We’ve all been warned before. Whether through Narcissus, Dorian Gray or Snow White’s evil Queen. Mirrors are dangerous. The vanity that they conjure from within brings the ultimate downfall, even for the powerful among us.
Yet, we are a culture completely obsessed with staring at the looking glass. It’s not always in the bathroom vanity or front hall mirror, but from Facebook profile pics to selfies on Instagram, it’s pretty obvious that we never really pull ourselves away from our reflections.
I recently finished devouring the book Gorgeous by Paul Rudnick (who wrote the screenplays for Addams Family Values and In&Out). It’s a sort of Cinderella/reverse Beauty and the Beast story for YA (which is all I read these days because of my work audience) about a young, average-looking girl, Becky, from a trailer park in Missouri. After her mother dies, she is summoned to New York City to meet fashion guru Tom Kelly. He offers to create 3 designer dresses for her, which will transform her into the most beautiful woman in the world. For one year. In that time, she must fall in love and get married, in order to stay that way. And so, her alter ego, Rebecca, is born.
When Becky is alone, she still sees herself as the small-town girl with bad skin and awkward teen limbs, but when anyone else is in the room, the mirror reflects an image of overwhelming beauty–to Becky and the world.
It sounds very fairy tale and far-out, but the author is incredibly witty, creative and hosts vivid characters, such as Becky’s best friend Rocher (named for the “high-class” chocolate Ferrero Rocher), who has the biggest (and most hilarious) potty mouth I’ve ever read in a teen book.
The novel is obviously about the all important topic of inner beauty, which has been dragged through the mud in cheap Hollywood comedies so much that I almost didn’t want to pick up the book. But it surprised me. And it made me think.
Particularly, with these lines:
I turned away from the mirror, which was a really good idea, because mirrors lie. This mirror had told both Aimee and Suzanne that they were glamorous stars-of-tomorrow and it had convinced Rocher to get her nose pierced and if I kept asking it to tell me everything, or anything, it would make me want to kill myself, or get cheekbone implants, or slam my fist into its snickering, unreliable, glittering surface. Mirrors are more dangerous than guns or cars or crystal meth, because they’re cheap, readily available and everyone’s addicted.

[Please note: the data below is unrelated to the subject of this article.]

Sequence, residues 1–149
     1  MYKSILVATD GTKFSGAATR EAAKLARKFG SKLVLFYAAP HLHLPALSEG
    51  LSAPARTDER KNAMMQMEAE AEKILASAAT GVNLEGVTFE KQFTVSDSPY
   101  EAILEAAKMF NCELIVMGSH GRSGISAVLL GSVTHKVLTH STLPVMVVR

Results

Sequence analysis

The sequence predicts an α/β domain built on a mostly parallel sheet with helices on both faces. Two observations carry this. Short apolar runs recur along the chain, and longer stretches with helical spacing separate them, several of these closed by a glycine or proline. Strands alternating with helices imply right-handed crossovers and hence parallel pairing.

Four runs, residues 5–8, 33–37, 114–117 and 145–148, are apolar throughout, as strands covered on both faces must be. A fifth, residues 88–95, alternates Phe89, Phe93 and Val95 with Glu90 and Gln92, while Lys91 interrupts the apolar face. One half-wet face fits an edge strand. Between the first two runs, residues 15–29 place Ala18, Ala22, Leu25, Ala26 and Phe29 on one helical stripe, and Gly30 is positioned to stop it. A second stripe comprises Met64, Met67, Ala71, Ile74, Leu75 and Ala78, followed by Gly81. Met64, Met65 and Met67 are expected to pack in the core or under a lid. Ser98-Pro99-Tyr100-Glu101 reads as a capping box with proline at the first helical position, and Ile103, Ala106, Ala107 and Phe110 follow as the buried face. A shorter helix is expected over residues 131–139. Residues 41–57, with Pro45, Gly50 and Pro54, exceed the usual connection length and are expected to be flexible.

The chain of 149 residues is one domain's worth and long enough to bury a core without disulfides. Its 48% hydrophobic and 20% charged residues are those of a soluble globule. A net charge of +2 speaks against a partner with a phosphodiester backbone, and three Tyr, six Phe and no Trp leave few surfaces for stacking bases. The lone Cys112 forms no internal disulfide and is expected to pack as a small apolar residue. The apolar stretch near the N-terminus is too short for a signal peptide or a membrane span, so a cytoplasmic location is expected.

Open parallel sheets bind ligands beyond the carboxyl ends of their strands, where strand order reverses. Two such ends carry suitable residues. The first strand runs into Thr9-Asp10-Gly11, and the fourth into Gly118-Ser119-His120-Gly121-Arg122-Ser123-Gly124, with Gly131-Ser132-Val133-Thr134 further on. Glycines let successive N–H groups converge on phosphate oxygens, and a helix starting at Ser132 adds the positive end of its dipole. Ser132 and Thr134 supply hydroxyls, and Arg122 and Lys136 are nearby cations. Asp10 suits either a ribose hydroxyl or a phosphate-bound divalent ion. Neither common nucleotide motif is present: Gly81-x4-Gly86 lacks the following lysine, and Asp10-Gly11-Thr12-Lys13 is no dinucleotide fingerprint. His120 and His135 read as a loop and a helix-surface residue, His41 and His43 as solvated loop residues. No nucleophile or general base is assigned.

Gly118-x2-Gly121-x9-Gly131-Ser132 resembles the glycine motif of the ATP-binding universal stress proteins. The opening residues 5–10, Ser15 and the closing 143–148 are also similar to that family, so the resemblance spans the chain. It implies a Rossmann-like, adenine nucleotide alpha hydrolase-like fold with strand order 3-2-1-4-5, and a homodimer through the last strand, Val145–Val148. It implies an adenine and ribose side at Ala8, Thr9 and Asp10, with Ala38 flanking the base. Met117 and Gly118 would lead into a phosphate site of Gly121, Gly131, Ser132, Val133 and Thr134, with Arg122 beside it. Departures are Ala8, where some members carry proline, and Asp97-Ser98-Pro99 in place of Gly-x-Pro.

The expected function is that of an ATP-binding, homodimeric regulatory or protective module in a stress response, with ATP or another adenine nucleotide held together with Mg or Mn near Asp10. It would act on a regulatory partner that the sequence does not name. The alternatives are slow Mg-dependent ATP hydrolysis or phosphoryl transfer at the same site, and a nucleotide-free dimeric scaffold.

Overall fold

[my emphasis added]
What stood out to me, other than the fantabulous writing, was the undeniable truth presented amidst a world of magic realism where putting on a gown covers all flaws. Mirrors lie. They are like drugs, but worse, because everyone is addicted. And they don’t know it.
We don’t know it.
And I am just as guilty as everyone else. After I found out my husband of 3 years had cheated on me, and I left, taking off the rocks from my finger, I was mortified by the ring tan line that their absence left behind on my finger, created from a recent trip to Costa Rica (where I thought we had fallen more in love with each other). It was a constant visual reminder of all that I wanted to obliterate from my memory, lest I spend one more moment wading in my pool of tears while I hid away in the spare room of my brother’s condo uptown. I just wanted it to melt away. Then I could feel the proper numbness I desired. Then I could move on.
So, I decided to head to a tanning bed (go ahead, judge me). Warmed by the artificial lights, I was convinced that a healthy glow gave me a better defence against the cold of the real world. I thought it hid the pain and puffy eyes behind a happier, prettier, thinner me. I wanted it to lie more effective than I could ever do with a quick, “I’m fine.” And, maybe it did. For awhile.
But the ring tan line faded quickly and all it left me with was a bronzed shell that felt empty inside. And an addiction. I liked the way I looked. I liked the control. I liked the lie.
Eventually, I forced myself to give it up. Because I kept seeing images that paralleled a tanning bed with a coffin. Because I wanted to avoid being a wrinkle-puss at the age of 38. But also because I wanted to take back the power from the mirror, which I allowed, for too long, to tell me how to feel that day, based on how I looked. I let the reflection in the mirror define who I was, rather than the other way around.
For awhile, maybe it was a crutch that I needed to survive the pain that was going on inside. I could look in the mirror, see something I liked and have that image tell me that there was still beauty (and hope) in the world. But, as with any addiction, it had too much power. How many times have I felt okay, then looked in the mirror, been unimpressed by the girl with the lop-sided grin, and my mood got knocked down a few pegs? Or an entire tower of terror elevator drop?
Paul Rudnick is right. Mirrors lie. Unbelievably. Horribly. All the time. The image we should believe more than our shiny reflection is the one of the best friend who hasn’t seen us in a few days and smiles, a wide stretch, and reaches out to embrace us. Or the lover who brushes our hair back from our faces and closes his eyes in contented bliss. Or the niece who rushes to open the door for our arrival, because it’s been way too long since we came over to play.
These are truth. These we should believe. These we should see looking back at us in the mirror.